Establishing a Health Sciences writing centre in the changing landscape of South African Higher Education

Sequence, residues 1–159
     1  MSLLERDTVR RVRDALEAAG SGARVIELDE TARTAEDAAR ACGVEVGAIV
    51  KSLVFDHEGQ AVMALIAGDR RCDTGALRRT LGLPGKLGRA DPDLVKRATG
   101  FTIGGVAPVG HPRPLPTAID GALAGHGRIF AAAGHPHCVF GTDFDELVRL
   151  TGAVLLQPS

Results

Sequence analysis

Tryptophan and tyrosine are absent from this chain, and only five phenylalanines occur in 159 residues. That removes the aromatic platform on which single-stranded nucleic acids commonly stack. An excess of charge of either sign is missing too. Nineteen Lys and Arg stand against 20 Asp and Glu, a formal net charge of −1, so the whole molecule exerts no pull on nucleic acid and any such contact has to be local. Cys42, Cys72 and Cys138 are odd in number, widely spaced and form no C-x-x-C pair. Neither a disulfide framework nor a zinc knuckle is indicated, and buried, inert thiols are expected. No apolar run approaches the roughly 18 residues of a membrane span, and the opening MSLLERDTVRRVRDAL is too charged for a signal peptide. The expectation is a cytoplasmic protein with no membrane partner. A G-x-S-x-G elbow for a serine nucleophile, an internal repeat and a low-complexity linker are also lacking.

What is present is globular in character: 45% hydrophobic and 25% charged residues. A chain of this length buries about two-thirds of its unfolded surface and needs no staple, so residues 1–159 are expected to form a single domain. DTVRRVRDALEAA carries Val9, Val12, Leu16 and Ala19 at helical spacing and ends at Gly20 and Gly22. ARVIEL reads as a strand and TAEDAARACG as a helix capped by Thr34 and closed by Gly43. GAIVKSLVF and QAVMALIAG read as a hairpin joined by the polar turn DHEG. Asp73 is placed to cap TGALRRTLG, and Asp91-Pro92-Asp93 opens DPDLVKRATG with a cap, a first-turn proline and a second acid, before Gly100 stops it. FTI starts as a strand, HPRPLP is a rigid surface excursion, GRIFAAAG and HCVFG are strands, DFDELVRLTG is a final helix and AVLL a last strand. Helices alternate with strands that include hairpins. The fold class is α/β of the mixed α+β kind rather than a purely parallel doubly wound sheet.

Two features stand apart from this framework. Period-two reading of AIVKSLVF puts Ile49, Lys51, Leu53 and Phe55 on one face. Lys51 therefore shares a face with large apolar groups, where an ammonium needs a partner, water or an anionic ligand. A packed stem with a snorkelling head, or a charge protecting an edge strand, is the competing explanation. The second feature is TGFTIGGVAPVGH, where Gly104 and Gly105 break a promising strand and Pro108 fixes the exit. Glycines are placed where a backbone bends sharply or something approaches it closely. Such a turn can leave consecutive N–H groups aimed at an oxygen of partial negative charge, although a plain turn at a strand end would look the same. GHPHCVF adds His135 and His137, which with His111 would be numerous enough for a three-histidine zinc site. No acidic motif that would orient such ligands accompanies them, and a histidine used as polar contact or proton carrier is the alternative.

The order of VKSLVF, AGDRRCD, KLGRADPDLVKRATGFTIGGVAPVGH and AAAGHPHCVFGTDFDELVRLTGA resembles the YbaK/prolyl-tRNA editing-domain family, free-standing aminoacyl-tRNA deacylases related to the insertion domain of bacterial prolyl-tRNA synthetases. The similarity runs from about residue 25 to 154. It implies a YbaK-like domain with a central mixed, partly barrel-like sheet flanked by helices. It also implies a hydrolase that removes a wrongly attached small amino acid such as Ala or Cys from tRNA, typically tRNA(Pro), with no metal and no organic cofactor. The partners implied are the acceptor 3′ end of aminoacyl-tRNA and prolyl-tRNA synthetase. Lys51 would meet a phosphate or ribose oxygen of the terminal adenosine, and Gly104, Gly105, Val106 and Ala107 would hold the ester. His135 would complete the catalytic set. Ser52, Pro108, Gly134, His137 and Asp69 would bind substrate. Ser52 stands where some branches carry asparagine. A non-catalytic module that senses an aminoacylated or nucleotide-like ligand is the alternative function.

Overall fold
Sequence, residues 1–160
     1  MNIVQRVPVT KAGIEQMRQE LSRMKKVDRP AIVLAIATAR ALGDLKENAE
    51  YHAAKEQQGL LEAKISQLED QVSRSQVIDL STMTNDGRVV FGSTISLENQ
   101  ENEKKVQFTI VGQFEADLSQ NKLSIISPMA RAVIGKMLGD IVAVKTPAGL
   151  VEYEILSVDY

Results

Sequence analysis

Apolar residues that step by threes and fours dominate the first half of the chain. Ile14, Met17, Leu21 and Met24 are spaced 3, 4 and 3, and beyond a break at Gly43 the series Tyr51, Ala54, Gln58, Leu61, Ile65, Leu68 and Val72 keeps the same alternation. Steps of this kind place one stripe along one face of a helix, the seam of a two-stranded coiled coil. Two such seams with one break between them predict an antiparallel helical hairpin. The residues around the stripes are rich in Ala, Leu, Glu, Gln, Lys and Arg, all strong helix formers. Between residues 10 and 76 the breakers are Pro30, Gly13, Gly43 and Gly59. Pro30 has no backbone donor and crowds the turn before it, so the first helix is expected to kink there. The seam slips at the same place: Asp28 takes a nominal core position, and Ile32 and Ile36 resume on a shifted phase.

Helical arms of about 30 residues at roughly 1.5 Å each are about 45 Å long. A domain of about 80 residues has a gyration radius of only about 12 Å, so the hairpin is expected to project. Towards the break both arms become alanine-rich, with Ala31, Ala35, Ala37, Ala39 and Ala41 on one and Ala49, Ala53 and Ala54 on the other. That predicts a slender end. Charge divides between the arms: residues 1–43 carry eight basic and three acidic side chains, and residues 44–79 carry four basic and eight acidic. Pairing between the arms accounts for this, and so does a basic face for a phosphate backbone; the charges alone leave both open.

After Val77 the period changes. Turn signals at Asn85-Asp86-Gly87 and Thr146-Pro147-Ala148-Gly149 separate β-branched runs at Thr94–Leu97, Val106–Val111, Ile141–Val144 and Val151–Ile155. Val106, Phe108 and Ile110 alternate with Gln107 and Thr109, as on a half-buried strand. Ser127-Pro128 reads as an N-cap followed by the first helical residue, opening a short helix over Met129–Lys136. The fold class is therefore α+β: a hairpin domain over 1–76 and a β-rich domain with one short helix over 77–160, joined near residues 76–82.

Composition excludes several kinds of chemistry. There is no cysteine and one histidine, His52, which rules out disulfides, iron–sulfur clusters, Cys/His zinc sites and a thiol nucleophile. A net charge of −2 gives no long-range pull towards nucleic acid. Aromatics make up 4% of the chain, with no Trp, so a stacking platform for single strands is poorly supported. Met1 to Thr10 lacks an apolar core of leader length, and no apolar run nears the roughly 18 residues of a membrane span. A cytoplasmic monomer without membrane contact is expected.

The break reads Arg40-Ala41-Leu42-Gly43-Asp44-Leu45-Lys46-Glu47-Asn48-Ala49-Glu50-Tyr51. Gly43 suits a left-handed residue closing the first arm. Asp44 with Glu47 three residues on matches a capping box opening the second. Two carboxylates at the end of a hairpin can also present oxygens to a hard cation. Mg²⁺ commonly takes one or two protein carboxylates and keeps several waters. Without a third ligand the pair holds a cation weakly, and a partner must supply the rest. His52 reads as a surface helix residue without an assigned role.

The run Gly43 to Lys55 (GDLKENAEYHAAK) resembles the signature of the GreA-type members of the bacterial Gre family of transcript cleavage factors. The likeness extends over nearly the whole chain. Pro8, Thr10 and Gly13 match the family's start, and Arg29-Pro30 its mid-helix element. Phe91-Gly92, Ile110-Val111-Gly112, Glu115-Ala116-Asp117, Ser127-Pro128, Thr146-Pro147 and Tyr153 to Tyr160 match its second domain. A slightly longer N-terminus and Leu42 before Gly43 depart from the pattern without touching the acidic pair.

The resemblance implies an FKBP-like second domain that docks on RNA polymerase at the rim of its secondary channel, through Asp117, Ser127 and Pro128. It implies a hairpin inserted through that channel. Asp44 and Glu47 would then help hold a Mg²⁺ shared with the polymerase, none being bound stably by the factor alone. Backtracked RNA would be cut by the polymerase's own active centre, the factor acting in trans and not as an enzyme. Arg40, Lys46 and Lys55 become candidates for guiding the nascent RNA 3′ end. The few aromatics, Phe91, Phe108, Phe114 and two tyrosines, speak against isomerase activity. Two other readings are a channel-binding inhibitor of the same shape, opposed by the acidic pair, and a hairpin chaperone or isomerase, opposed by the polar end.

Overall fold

This article describes, analyses, and reflects on the conceptualisation and establishment of a Writing Lab at a South African university’s Faculty of Health Sciences. Drawing on the theoretical framework of New Literacy Studies, the academic literacies approach, and South African writing centre scholarship, the analysis revealed that the conceptualisation of the Writing Lab was primarily informed by the academic socialisation model but has since shifted to encompass a more transformative ideology; opening spaces where students’ own knowledges and literacies practices could contribute to new forms of thinking and representation in the academy. We argue that the shift was facilitated by collaboration with disciplinary lecturers, the faculty’s Primary Health Care ethos, and the Writing Lab’s engagement with a large postgraduate population, leading to the Writing Lab’s participation in new forms of knowledge-building that could contribute to the creation of decolonised spaces and shifts in institutional culture.
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